Pagan et al v. Westchester County et al

Filing 96

ORDER ADOPTING REPORT AND RECOMMENDATIONS for 90 Report and Recommendations, 65 Motion to Dismiss, filed by Kevin Cherveko, Westchester County, 61 Motion to Dismiss filed by Aramark Correctional Services LLC, Donna Blackmon, Joseph Loughran. Fo r the foregoing reasons, the Court adopts the Report in full. The Clerk is directed to terminate the motions pending at Dkt. 61 and Dkt. 65. The case is referred back to Magistrate Judge Netburn for further proceedings. (Signed by Judge Paul A. Engelmayer on 3/12/2014) (cd)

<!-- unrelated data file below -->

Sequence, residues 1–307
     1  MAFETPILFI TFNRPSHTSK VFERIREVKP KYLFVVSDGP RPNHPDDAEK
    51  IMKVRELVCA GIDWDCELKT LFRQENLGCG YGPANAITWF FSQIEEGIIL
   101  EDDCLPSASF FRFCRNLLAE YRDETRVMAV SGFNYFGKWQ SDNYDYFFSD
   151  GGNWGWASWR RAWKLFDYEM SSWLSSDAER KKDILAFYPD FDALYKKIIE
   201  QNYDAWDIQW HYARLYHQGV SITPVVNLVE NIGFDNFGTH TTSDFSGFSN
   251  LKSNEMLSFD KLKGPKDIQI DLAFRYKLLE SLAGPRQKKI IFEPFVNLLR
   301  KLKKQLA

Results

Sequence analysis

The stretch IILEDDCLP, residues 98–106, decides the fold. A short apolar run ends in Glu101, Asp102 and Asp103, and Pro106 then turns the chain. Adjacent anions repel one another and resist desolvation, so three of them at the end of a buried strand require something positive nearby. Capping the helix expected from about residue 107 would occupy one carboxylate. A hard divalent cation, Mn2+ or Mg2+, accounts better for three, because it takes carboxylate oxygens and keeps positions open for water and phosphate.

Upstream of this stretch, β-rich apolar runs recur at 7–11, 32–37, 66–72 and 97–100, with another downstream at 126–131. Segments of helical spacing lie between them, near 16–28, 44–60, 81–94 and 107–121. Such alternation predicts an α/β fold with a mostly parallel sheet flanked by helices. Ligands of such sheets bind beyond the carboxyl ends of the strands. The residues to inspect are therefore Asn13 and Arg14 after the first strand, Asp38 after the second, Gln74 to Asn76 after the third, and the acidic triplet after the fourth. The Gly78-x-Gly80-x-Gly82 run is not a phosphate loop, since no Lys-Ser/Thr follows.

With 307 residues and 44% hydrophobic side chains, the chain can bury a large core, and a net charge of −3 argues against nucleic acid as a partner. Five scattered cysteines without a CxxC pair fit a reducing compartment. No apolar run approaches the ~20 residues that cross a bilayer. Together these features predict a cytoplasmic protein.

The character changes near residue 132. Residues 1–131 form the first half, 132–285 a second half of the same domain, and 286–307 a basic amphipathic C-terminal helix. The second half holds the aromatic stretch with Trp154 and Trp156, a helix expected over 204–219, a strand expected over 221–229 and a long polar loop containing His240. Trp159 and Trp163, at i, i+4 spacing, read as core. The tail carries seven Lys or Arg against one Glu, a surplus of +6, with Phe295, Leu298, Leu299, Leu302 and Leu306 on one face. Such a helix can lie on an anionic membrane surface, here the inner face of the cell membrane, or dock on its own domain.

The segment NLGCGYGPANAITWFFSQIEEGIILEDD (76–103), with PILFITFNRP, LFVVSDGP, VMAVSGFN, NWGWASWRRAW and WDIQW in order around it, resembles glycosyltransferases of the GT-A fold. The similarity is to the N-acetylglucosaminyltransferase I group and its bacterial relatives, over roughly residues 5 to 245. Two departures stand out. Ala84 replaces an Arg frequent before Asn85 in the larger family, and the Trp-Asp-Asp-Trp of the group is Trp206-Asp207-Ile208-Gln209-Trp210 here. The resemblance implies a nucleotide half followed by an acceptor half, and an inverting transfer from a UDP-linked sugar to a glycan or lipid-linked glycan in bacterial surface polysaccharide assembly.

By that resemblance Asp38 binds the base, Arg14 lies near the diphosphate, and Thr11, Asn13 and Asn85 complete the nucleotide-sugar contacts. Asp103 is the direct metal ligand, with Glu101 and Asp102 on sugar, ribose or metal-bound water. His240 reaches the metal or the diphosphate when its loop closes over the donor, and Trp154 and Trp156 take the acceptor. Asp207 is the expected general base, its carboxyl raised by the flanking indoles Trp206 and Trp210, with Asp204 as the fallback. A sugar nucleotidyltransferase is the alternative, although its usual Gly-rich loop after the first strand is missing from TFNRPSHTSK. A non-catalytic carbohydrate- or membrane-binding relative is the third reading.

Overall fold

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UNITED STATES DISTRICT COURT SOUTHERN DISTRICT OF NEW YORK ------------------------------------------------------------------------X : WILSON PAGAN, STEVEN LEWIS, YUSUF DIXON, : MICHAEL STEVENS, QUIANE WILLIAMS, : SANTIAGO GOMEZ, GUARIO VARGAS, GERALD : CHARLES, CHRISTOPHER GLIVENS, WILLIAM P. : JENKINS, PEDRO LLERANDEZ, ADEM ARICI, : JEROME BARNETT, JOSEPH DUSHOCK, and : ARMANDO SANCHEZ, : : Plaintiffs, : : -v: : WESTCHESTER COUNTY, KEVIN CHEVERKO, : ARAMARK CORRECTIONAL SERVICES LLC, : JOSEPH LOUGHRAN, and DONNA BLACKMAN, : : Defendants. : : ------------------------------------------------------------------------X 12 Civ. 7669 (PAE) (JCF) ORDER ADOPTING REPORT & RECOMMENDATION PAUL A. ENGELMAYER, District Judge: Several former inmates at Westchester County Jail (the “Jail”), proceeding pro se, bring this action against Westchester County (the “County”); Kevin Cheverko, the Commissioner of Westchester County Department of Corrections (“WCDOC”); 1 Aramark Correctional Services LLC (“Aramark”); Joseph Loughran, the Director of Food Services for Aramark; and Donna Blackman, Aramark’s Commissary Supervisor 2 (collectively, “Defendants”). Plaintiffs bring claims pursuant to 42 U.S.C. § 1983 for, inter alia, violations of their First and Eighth Amendment rights. Plaintiffs also bring claims under the Racketeer Influenced and Corrupt Organizations Act (“RICO”), 18 U.S.C. §§ 1961−68, and under New York state law. Plaintiffs 1 The Court will refer to the County and Cheverko, collectively, as the “County Defendants.” 2 The Court will refer to Aramark, Loughran, and Blackman, collectively, as the “Aramark Defendants.” 1 allege, inter alia, that they received undercooked or rotted meals on trays containing mold or bacteria in the Jail, and that, as a result of the substandard food provided by the Jail, they were forced to buy overpriced food from the Commissary and/or to change their designated religious affiliations in order to obtain proper meals. On August 13, 2013, the County Defendants and the Aramark Defendants moved to dismiss the Second Amended Complaint pursuant to Federal Rule of Civil Procedure 12(b)(6). Before the Court is the February 3, 2014 Report and Recommendation of Magistrate Judge Sarah Netburn (the “Report”), recommending that the Court grant the motions in part and deny them in part. For the reasons that follow, the Court adopts the Report in full. I. Background 3 A. Facts Wilson Pagan, Steven Lewis, Yusuf Dixon, Michael Stevens, Quiane Williams, Santiago Gomez, Guario Vargas, Gerald Charles, Christopher Glivens, William P. Jenkins, Pedro Llerandez, Adem Arici, Jerome Barnett, Joseph Dushock, and Armando Sanchez (collectively, “Plaintiffs”), are former inmates of the Jail. Each arrived at the Jail between May 13, 2010 and July 18, 2012, and has since been moved or released. In 1996, Westchester County contracted with Aramark to provide food services at the Jail. Aramark was responsible for providing three meals a day to inmates, including Plaintiffs. On one or more occasions, Aramark served Plaintiffs undercooked or rotted meals, served on trays containing mold or bacteria. Specifically, Plaintiffs were served salads containing rotted 3 The Court’s summary of the facts of this case is drawn from the detailed account of the facts provided in the Report, to which the parties do not object. In considering the motions to dismiss, the Court, like Judge Netburn, accepts as true all facts alleged in the Second Amended Complaint. 2 lettuce, vegetables with insects on them, and undercooked meat. As a result, Plaintiffs experienced severe stomach pains, nausea, vomiting, fever, headaches, diarrhea, weight loss, fatigue, dizziness, dehydration, and stretch marks. Aramark also served Plaintiffs “small” or “minimal” portions of food. Aramark was informed of these deficiencies, but failed to correct them. Commissioner Cheverko, who holds daily staff meetings, including with Loughran and Blackman, was aware of the inmates’ complaints regarding the food. As part of its role in providing food services at the Jail, Aramark provided special meals for inmates with religious dietary restrictions, including, but not limited to, kosher meals for Jewish inmates and halal meals for Muslim inmates. Plaintiffs Pagan and Lewis, both of whom are Catholic, switched their formal religious affiliation to Jewish in order to receive kosher meals, which they believed to be more sanitary. As a result, they were no longer permitted to attend Catholic mass at the Jail. Plaintiffs Dixon, Arici, Williams, Stevens, and Charles, who are Muslim, requested halal meals. Dixon, Williams, and Stevens received halal meals that were undercooked, rotted, or otherwise unsanitary; when they complained, they were offered bologna and cheese sandwiches instead (although bologna does not conform to Muslim dietary law). Dixon, as well as Charles, did not receive halal meals as often as Jewish inmates received kosher meals. Initially, Arici was not served his meals on a religious meal tray; his request for a conforming meal and tray was not honored for approximately one week. Once Arici began receiving the appropriate meal and tray, he became aware that an inmate worker was spitting in his halal food, from which he fell ill; thereafter, he switched to meals that did not conform to Muslim dietary restrictions. Gomez and Arici both filed formal grievances regarding the food quality, to no avail. Several other plaintiffs “attempted” to file grievances as well. Pagan, Dixon, Lewis, Williams, 3 Stevens, Vargas, Charles, and Sanchez went to various individuals at the Jail, including correctional officers and Sergeants, all of whom refused to accept their grievances. In many instances, the inmates were told, erroneously, that food-related complaints were not “grievable issues,” or that it was Aramark’s problem, not the Jail’s. Glivens, Llerandez, Barnett, Jenkins, and Dushock also failed to comply with formal WCDOC grievance procedures, but do not identify any specific thwarted attempts to file grievances. Plaintiffs indicate that there was a general atmosphere of hostility at the Jail aimed at prisoners who filed multiple grievances. Aramark was also responsible for running the Commissary, from which inmates could purchase food and other items. A website (the “iCare site”) was also created to allow friends and families to purchase items from the Commissary for inmates, for which they were charged a fivedollar shipping and handling fee (despite the fact that the items were not actually shipped anywhere). To supplement the rotten or otherwise inadequate meals provided to them by Aramark in the ordinary course, Plaintiffs bought food at the Commissary, purportedly at “jacked up prices.” Plaintiffs’ families would also purchase items from the Commissary for them via the iCare site. The revenues from the Commissary were shared by Aramark and Westchester County. B. Procedural History On October 12, 2012, Plaintiffs, proceeding pro se, filed the Complaint. Dkt. 15. On February 4, 2013, Plaintiffs filed an Amended Complaint. Dkt. 26. On July 23, 2013, Plaintiffs filed a Second Amended Complaint. Dkt. 58. In the Second Amended Complaint, Plaintiffs allege, inter alia, that Defendants violated their Eighth Amendment rights in (1) providing them with substandard food, and failing to correct the problem once it was brought to their attention; (2) providing them with meals of insufficient size; and (3) forcing them to buy foods from the 4 Commissary at an inflated price to compensate for the inadequate meals. Plaintiffs further allege that Defendants violated their First Amendment rights by forcing some inmates to change their designated religious affiliations in order to receive sanitary kosher meals, and depriving Muslim inmates with sanitary meals that conformed to their religious dietary restrictions. Plaintiffs also bring RICO claims relating to Defendants’ alleged price gouging in connection with goods sold in the Commissary, as well as claims under state law for Defendants’ alleged violation of a settlement agreement reached with inmates who had brought similar claims in an earlier case. On August 13, 2013, Defendants filed motions to dismiss pursuant to Rule 12(b)(6), Dkt. 61, 65, and supporting memoranda of law, Dkt. 63 (“Aramark Def. Br.”), 71 (“County Def. Br.”). On August 27, 2013, the Court referred the case to Magistrate Judge Netburn for general pretrial supervision and for the preparation of a Report & Recommendation on the pending motions. Dkt. 75. On September 11, 2013, Gomez filed papers in opposition to the motions. Dkt. 79, 80. On October 8, 2013, the Aramark Defendants submitted a reply, Dkt. 82, and on October 9, 2013, the County Defendants did the same, Dkt. 84. On February 3, 2014, Judge Netburn issued the Report, recommending that Defendants’ motions to dismiss be granted in part and denied in part. Dkt. 90. Specifically, the Report recommended dismissing (1) the claims raised by Plaintiffs Glivens, Llerandez, Barnett, Jenkins, and Dushock in their entirety for failure to exhaust their administrative remedies, as required by the Prison Litigation Reform Act (“PLRA”); (2) the claims against Defendant Blackman in their entirety for failing to allege personal involvement; (3) the Eighth Amendment claims to the extent they related to food portions and high commissary prices; (4) the RICO claims in their entirety; and (5) the state law claims in their entirety, on the ground that violation of a settlement agreement is not a cognizable claim. In all other respects, the Report recommended that 5 Defendants’ motions to dismiss be denied. Judge Netburn determined that Gomez and Arici had exhausted their administrative remedies; that Pagan, Dixon, Lewis, Williams, Stevens, Vargas, Charles, and Sanchez had fairly alleged that their failure to exhaust is excused under the PLRA; that plaintiffs fairly pled Eighth Amendment violations with respect to the allegation of undercooked or otherwise unsanitary meals; and that Pagan, Lewis, Dixon, Williams, Stevens, and Arici stated cognizable First Amendment claims. On February 24, 2014, the Aramark Defendants and the County Defendants both filed objections to the Report. Dkt. 93 (“Aramark Obj.”), 94 (“County Obj.”). On March 6, 2014, Gomez filed an affidavit in opposition to defendants’ objections. Dkt. 95. II. Discussion A. Standard of Review In reviewing a Report and Recommendation, a district court “may accept, reject, or modify, in whole or in part, the findings or recommendations made by the magistrate judge.” 28 U.S.C. § 636(b)(1)(C). When specific objections are made, “[t]he district judge must determine de novo any part of the magistrate judge’s disposition that has been properly objected to.” Fed. R. Civ. P. 72(b)(3); United States v. Male Juvenile, 121 F.3d 34, 38 (2d Cir. 1997). However, when the objections simply reiterate previous arguments or make only conclusory statements, the Court should review the report for clear error. See Genao v. United States, No. 08 Civ. 9313 (RO), 2011 WL 924202, at *1 (S.D.N.Y. Mar. 16, 2011); Kirk v. Burge, 646 F. Supp. 2d 534, 539 (S.D.N.Y. 2009) (collecting cases). B. Objections to the Report Defendants raise several objections to the Report. The Court will address each in turn. 6 As a threshold matter, the County Defendants argue that all plaintiffs, save Gomez, failed to respond to the motion to dismiss, and thus should be treated as having abandoned their claims. County Obj. 3−4. However, neither the County Defendants nor the Aramark Defendants raised this issue before Judge Netburn. Thus, the Court declines to consider it here. See Grant v. Bradt, No. 10 Civ. 394 (RJS), 2012 WL 3764548, at *4 (S.D.N.Y. Aug. 30, 2012) (“Generally, courts do not consider new arguments and new evidence raised in objections to a magistrate judge’s report and recommendation that were not raised, and thus were not considered, by the magistrate judge.”) (internal quotation marks and citation omitted); Robinson v. Keane, No. 92 Civ. 6090 (CSH), 1999 WL 459811, at *4 (S.D.N.Y. June 29, 1999) (“These issues were not raised before the Magistrate Judge and therefore were not addressed by him; accordingly, they may not properly be deemed ‘objections’ to any finding or recommendation made in the Report and Recommendation. . . . An objecting party may not raise new arguments that were not made before the Magistrate Judge.”). The Aramark Defendants and the County Defendants raise several other objections to recommendations made in the Report, which substantially overlap. First, they argue that Pagan, Lewis, Dixon, Stevens, Williams, Vargas, Charles, and Sanchez do not plausibly allege that they followed WCDOC’s formal grievance procedures, or that such procedures were unavailable to them; thus, Defendants argue, they are not excused from the PLRA’s exhaustion requirement. See Aramark Obj. 1−4; County Obj. 4−8. This objection, however, merely restates identical arguments made before Judge Netburn. See Aramark Def. Br. 6−7; County Def. Br. 7−11. The Report considered these arguments, and concluded that the allegations in the Second Amended Complaint were sufficient to plead an excuse for failure to exhaust, citing several cases where 7 similar allegations (i.e., that plaintiffs were thwarted in their attempts to file grievances) were deemed sufficient. See Report 16−17. The Court finds no clear error in this conclusion. Defendants next object that the Second Amended Complaint fails to plausibly allege violations of the Eighth or First Amendments. Specifically, they argue that (1) unsubstantiated allegations of undercooked food or unsanitary meal trays do not satisfy the standard for cruel and unusual punishment (i.e., plaintiffs fail to allege the objective component of an Eighth Amendment claim); (2) Jail officials investigated plaintiffs’ complaints, and thus Defendants could not have acted with deliberate indifference (i.e., plaintiffs fail to allege the subjective component of an Eighth Amendment claim), see Aramark Obj. 4−8; County Obj. 9−14; and (3) allegations of being forced to choose between receiving kosher meals and attending the religious service of one’s choice cannot substantiate a First Amendment claim, see Aramark Obj. 8−12; County Obj. 14−17. Defendants further object to the Report’s conclusion that the Second Amendment Complaint plausibly alleges the personal involvement of the individual defendants in these constitutional violations. See Aramark Obj. 12−14; County Obj. 17−18. These objections too are duplicative of arguments previously raised and addressed. See Aramark Def. Br. 13−19; County Def. Br. 11−13, 16−17. Indeed, the Report considered each of these arguments in great detail, and determined that the pro se plaintiffs had alleged sufficient facts to survive a motion to dismiss. See Report 21−24 (objective component of Eighth Amendment violation); id. at 24−25 (subjective component of Eighth Amendment violation); id. at 26−28 (First Amendment violation); id. at 29−32 (personal involvement of individual defendants). The Court reviews this conclusion for clear error, and finds none. Separately, the Aramark Defendants object to the Report’s conclusion that the Second Amended Complaint states a § 1983 claim, arguing that Aramark was not acting under color of 8 state law, and that plaintiffs fail to plausibly allege a policy or practice sufficient to establish a Monell claim. Aramark made identical arguments to Judge Netburn. See Aramark Br. 8-12, 19-20. The Report persuasively explains that the County has a duty to provide food to inmates at the Jail and contracted with Aramark to fulfill this duty, and thus Aramark is serving a public function by providing food services to inmates at the Jail. See Report 34-35. The Report cites several cases supporting this understanding. See id. at 36. The Report also explains that the Second Amended Complaint's allegations of failure to train and failure to supervise suffice to plead a policy or practice for purposes of a § 1983 claim. See id. at 38-39. This analysis is thorough and well-reasoned. The Court tinds no error, let alone clear error, in the Report's conclusions. CONCLUSION For the foregoing reasons, the Court adopts the Report in full. The Clerk is directed to terminate the motions pending at Dkt. 61 and Dkt. 65. The case is referred back to Magistrate Judge Netburn for further proceedings. SO ORDERED. pa~~t~l~?# United States District Judge Dated: March 12,2014 New York, New Yark 9